And here we go – 2002 Beaune-Greves 1er Cru was like coming home – this wine made me smile and relax – Burgundy – there is just nothing like it! Elegant red berries, perfectly mature, great acidity, silky and charming. From the master of Cote de Beaune – Michel Lafarge.
Dehlinger has got to be one of the most satisfying new world producers of Chardonnay and Cabernet Sauvignon. Maybe it’s because it’s one with the most old-world sensibilities in their wines. Russian River Valley based, they make wines that taste real, unforced, from the land. Claret is the second wine of their Cabernet Sauvignon, made in a slightly lighter style than their top Cab. No fancy facade, just vivid wine with good acidity, inky, sleek, with earthy elements. It is perhaps because of their absence of flamboyance or flash, that they don’t seem to get very high critics’ scores, but the wines are highly respected among wine geeks, and I highly recommend them if you can find them. At 14 years of age, this claret was dense and very youthful.
Both the 2006 Raveneau Chablis Monts Mains and the 2006 Beaucastel Chateauneuf-du-Pape blanc were in great shape! The Raveneau was quite substantial for a Chablis. The Beaucastel blanc was weighy and dense, with notes of honey and hazelnuts.
Top sparkling rosé from Italy – Ca’del Bosco Franciacorta 2004 “Annamaria Clementi”. 100% Pinot Nero (Noir). Very serious wine – hints of citrus, raspberries and grass. Definitely a worthy Italian answer to Champagne. Great way to cleanse the palate at the end of the meal.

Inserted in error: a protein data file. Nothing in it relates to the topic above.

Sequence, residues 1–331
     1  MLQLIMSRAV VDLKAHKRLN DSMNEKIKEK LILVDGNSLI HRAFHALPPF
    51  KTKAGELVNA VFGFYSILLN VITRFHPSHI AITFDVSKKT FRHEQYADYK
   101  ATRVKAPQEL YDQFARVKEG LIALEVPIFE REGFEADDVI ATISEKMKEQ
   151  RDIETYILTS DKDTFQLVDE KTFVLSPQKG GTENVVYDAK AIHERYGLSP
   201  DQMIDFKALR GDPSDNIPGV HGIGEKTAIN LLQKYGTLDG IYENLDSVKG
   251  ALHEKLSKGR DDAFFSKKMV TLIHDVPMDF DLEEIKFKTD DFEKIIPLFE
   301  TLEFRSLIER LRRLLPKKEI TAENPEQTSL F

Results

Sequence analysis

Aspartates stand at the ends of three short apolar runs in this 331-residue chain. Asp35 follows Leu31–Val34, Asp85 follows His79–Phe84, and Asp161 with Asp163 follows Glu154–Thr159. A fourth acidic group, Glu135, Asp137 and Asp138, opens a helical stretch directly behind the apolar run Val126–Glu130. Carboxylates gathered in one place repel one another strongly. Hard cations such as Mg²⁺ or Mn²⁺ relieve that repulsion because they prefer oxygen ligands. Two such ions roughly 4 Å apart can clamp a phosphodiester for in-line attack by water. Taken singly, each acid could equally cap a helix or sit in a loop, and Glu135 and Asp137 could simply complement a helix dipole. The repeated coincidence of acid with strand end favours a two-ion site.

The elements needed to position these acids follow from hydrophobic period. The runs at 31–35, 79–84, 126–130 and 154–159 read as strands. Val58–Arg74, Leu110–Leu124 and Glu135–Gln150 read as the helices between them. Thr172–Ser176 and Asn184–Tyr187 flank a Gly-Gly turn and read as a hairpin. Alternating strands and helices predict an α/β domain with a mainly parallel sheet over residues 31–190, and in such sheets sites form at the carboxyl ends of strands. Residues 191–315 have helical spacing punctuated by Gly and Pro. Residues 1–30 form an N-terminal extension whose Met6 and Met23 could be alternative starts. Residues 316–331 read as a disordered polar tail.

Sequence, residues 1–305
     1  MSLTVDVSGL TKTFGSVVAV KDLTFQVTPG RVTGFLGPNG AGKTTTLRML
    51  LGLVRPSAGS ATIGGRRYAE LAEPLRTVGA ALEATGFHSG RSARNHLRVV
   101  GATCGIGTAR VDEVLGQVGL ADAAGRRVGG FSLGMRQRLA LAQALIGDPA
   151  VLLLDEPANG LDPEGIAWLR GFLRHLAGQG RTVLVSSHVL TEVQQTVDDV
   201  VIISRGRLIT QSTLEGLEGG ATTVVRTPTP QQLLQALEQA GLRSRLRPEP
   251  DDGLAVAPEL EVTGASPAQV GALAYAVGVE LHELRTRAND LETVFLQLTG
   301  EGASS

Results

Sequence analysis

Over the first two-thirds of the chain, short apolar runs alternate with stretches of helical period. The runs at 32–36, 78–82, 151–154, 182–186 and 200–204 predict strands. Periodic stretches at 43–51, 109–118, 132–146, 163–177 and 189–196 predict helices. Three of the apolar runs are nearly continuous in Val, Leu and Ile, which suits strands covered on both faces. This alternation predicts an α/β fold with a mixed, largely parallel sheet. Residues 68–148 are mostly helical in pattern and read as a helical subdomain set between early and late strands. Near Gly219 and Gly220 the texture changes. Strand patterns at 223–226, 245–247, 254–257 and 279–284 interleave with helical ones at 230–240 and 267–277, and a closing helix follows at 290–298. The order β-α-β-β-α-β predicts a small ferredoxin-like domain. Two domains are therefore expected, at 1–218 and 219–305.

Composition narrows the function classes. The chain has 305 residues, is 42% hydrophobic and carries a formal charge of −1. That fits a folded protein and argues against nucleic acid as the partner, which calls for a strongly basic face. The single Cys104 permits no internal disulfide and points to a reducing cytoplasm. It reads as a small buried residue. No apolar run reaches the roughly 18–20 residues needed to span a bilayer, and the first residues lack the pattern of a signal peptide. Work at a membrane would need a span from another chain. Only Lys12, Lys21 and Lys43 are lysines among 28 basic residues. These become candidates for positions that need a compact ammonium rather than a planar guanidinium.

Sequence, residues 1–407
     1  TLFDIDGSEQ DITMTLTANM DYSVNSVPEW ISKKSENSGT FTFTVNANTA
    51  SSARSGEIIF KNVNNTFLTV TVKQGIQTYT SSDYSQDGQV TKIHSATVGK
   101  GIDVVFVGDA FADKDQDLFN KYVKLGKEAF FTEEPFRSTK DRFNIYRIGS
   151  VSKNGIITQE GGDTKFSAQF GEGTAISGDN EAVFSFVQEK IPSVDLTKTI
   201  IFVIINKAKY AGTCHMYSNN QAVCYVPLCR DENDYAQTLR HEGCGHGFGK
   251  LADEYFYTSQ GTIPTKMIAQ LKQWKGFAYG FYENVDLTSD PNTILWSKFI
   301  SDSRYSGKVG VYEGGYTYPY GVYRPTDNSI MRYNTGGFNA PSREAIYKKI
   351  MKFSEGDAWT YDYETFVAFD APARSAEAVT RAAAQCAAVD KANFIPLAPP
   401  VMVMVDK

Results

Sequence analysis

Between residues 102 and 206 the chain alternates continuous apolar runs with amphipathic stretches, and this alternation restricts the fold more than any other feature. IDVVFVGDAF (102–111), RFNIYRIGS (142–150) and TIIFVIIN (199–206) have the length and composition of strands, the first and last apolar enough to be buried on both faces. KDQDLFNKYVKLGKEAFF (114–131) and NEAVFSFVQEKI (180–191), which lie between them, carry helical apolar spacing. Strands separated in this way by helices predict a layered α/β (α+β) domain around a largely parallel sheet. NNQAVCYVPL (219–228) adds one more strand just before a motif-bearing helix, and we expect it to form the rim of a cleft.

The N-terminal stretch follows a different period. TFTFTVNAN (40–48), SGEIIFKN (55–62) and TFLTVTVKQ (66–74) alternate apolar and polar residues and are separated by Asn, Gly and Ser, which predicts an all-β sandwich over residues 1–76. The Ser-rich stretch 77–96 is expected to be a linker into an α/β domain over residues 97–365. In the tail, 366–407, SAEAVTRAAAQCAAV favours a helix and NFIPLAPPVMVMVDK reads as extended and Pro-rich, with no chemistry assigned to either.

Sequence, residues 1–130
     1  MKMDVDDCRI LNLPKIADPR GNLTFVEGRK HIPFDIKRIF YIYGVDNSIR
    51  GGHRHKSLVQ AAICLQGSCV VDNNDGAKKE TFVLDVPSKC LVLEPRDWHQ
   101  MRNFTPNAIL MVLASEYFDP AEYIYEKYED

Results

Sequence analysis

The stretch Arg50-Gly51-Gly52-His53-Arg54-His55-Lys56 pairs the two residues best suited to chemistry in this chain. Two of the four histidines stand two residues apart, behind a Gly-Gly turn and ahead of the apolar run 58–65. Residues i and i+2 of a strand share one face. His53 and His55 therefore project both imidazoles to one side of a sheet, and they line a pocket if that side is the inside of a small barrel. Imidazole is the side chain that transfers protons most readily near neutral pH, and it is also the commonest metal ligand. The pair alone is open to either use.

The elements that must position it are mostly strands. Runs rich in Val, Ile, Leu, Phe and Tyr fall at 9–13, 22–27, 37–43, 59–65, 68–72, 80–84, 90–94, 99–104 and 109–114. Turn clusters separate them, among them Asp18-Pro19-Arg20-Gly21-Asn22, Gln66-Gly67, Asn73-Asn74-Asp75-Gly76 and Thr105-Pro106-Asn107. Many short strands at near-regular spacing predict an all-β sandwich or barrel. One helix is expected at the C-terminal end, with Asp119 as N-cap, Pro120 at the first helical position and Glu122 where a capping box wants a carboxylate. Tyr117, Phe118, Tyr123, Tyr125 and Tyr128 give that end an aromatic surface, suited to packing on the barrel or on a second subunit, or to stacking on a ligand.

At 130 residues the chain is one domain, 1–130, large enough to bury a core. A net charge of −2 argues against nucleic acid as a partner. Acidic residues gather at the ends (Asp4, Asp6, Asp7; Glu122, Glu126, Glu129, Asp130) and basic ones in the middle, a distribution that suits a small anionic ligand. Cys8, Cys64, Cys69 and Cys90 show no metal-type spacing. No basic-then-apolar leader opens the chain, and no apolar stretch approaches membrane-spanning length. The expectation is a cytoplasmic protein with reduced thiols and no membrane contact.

Hello, and welcome to my periodic dig through the samples pile. I’m pleased to bring you the latest installment of Vinography Unboxed, where I highlight some of the better bottles that have crossed my doorstep recently.
This week’s dive into the boxe…
From numerous trips to Greenwood Lake, I’ve become very familiar with two Hudson Valley cider makers, Warwick Valley Winery & Distillery & Applewood Winery. The former produces apple and pear ciders under the Doc’s Draft Ciders brand, while the latter recently introduced their Naked Flock ciders which replaced their Apple Dave’s Stone Fence Cider. TasteCamp presented a few opportunities to expand my Hudson Valley cider experience — starting with a trade tasting at Robibero Family Vineyards.